At some point in the murky past (that is, 2019), Kaaren, Adelaide, and I made a joke about how we’re the three Fates. I am, of course, the spinner Clotho, Adelaide the measurer Lachesis, and Kaaren the inflexible/cutter Atropos. When we discovered that we all had bought (or wanted to buy) the same grey linen, we decided to make Fates-themed garb in our preferred styles (we also managed to be chronological as well!). For a deadline, we set Twelfth Night 2020.
Because I was doing early period English, I felt a little guilty that my garb wouldn’t be as complicated and require as much hard work as Adelaide and Kaaren’s. So I decided to make everything I wore.
I already had shoes, anyway.
The first layer was where I used the grey linen. Although a standard tunic, I played with the gores on this for fit. Instead of having hip-height gores, I put in long trapezoidal ones that stretched from the edge of the sleeve to the hem. The sleeves are also my first fitted sleeves that would require a closure. I tablet-wove trim for the neck and cuffs out of silk in two different widths with slightly different patterns. Both used the same threading, but I cut out warp threads for the cuffs and turned the cards fewer times. As there is some archaeological evidence for belts on this layer, I wove a three-inch-wide belt out of wool that was wide enough to wrap twice around. I wrapped this under my bust almost as a supportive layer, and it was quite comfortable (and kept me standing up very straight!). On top of this layer I put a black silk peplos–no progress photos for this, as it’s just a big ole silk tube. (Do I need to say everything was handsewn and flatfelled? It’s me–assume it was unless I say otherwise).
As I took a silversmithing class in June 2019, I decided to make all the fittings I could for this garb. Two hours of work in the silversmithing studio, and I had two nearly-matching annular brooches, two wrist clasps, and a circlet! For the annular brooches, I tried different orders of operation for each; on one I soldered the pin shut first, on the other I soldered the brooch ring shut first. The latter technique seemed to work better for me. While annular brooches in period seem to be cast instead of forged, I haven’t learned to cast metals yet, so this worked for my current skill-set. The wrist-clasps were inspired by a historical find that didn’t have an attachment, but I made the hook a little shorter than I should have.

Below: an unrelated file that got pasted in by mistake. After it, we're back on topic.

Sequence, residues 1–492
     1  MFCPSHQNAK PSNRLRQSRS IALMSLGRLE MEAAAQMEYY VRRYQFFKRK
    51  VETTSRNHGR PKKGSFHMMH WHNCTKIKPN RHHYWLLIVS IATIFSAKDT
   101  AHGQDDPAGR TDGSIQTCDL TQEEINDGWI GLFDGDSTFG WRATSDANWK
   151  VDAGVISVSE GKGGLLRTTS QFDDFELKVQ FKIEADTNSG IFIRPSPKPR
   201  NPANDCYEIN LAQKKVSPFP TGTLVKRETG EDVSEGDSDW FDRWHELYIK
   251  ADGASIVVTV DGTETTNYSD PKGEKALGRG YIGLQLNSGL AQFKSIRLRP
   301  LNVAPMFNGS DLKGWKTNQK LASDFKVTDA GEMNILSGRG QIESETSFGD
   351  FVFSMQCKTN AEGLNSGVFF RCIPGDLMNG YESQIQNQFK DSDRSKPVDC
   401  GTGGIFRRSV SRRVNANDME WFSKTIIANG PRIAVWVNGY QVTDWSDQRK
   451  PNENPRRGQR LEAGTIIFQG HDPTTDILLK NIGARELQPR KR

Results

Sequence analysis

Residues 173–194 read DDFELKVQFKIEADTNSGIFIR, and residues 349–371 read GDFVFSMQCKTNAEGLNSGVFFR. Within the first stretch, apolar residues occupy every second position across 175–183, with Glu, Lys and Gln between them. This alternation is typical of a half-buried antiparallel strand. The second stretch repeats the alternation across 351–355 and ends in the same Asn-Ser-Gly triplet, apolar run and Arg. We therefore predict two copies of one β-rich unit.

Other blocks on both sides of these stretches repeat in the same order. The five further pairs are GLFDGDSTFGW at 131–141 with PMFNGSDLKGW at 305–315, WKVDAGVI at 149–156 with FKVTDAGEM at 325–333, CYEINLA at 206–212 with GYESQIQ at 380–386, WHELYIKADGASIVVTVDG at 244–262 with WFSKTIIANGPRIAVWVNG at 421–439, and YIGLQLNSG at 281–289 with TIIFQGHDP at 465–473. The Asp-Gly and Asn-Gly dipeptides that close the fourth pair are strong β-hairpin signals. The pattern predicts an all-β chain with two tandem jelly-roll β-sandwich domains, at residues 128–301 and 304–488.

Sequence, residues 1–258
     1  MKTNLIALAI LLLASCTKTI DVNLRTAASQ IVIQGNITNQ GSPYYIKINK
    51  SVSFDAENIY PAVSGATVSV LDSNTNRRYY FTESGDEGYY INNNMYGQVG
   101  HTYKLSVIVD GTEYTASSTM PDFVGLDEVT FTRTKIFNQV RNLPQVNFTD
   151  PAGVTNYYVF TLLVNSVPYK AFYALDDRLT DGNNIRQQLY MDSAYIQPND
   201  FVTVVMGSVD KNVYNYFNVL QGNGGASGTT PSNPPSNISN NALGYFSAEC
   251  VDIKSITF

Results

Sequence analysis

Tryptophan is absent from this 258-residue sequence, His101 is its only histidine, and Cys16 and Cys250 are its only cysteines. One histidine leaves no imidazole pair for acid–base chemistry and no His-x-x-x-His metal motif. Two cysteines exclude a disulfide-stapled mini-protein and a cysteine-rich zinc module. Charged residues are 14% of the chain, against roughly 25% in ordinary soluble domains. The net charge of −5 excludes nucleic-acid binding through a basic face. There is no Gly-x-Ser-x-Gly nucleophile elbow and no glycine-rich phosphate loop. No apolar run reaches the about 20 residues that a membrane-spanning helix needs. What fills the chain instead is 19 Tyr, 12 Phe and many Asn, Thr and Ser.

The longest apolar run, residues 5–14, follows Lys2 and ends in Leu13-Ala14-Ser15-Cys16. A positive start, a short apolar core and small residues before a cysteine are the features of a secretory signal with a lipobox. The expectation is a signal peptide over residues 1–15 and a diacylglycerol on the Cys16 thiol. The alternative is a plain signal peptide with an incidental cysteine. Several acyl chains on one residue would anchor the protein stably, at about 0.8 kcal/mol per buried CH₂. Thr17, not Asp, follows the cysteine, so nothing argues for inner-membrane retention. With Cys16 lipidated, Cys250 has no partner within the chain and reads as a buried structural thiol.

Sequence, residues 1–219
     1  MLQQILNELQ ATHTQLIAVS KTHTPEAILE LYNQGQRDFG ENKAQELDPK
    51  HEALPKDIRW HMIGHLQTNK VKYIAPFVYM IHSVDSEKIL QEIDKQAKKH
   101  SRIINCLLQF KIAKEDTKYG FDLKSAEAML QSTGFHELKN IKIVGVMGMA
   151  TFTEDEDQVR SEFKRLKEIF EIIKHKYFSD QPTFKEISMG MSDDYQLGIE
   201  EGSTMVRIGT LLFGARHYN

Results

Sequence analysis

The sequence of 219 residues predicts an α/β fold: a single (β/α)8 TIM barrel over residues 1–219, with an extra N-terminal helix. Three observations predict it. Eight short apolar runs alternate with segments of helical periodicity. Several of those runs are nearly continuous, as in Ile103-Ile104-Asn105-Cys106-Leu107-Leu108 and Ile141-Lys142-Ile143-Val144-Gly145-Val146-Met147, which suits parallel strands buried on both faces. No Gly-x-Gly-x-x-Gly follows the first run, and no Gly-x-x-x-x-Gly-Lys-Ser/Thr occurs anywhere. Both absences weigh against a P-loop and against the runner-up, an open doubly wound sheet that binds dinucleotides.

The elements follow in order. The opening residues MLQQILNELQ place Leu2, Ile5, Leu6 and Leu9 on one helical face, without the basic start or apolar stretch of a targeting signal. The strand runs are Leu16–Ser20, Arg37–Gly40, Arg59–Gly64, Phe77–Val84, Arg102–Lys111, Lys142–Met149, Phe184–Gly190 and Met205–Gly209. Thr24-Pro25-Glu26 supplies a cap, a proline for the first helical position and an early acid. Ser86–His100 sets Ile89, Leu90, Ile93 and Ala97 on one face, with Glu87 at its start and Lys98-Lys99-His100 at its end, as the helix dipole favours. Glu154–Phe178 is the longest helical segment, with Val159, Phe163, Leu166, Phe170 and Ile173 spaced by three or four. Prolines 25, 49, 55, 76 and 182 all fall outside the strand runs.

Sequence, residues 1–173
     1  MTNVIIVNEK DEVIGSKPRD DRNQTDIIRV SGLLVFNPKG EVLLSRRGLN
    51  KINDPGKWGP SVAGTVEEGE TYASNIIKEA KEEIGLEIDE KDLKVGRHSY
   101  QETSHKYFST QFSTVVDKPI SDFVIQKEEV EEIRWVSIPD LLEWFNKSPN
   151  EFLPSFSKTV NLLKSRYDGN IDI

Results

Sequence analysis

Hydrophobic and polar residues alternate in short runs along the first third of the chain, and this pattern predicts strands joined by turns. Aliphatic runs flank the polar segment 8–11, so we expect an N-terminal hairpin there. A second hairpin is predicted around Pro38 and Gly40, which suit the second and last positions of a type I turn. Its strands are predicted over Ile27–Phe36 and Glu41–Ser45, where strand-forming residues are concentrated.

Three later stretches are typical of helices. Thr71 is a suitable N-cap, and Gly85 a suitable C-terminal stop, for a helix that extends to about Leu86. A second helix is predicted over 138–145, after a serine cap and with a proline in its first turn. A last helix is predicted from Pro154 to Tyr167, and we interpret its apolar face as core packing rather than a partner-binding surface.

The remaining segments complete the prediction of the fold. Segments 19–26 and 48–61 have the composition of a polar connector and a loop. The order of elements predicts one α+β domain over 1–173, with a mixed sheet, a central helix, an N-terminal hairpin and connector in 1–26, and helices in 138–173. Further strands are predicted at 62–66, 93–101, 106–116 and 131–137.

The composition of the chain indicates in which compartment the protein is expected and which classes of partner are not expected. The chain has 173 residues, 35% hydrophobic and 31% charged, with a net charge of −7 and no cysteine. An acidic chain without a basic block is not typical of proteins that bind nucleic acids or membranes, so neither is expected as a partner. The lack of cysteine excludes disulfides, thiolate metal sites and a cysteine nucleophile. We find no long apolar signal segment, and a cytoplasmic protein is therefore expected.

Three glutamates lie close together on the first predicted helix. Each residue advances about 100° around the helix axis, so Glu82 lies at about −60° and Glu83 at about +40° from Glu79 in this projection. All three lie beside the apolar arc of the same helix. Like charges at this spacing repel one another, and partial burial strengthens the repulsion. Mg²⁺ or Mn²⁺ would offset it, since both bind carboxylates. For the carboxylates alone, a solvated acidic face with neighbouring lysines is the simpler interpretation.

I realized a few days before the event that I hadn’t made a belt pouch. A quick Google led me to a couple different patterns, which seemed to follow most rectangular pouches but inserted a ring around the mouth and included a strap. I used the last remaining inches of the trim for the strap; the lining was leftover linen and the outside was leftover silk. I even made the ring from some junk wire! It was more than big enough to carry everything I needed, and fit my spindle in it quite well.
However, the peace I am most pproud of was my rune-belt. Four yards tablet-woven out silk, this took me over 22 hours from start to finish. It wraps twice around my body and hangs nearly to my hem. It was my first complicated pattern and my first double-faced weaving, and I came up for the runes’ patterns myself (you can see how I refined the letters in each repeat). The runes literally say “ic spinne þone þræd wyrde,” which is Old English for “I spin the thread of fate.”
So, on Twelfth Night, I was able to say that I made everything I wore except the rings on my right hand.
Oh, and we won the Garb Runway Competition.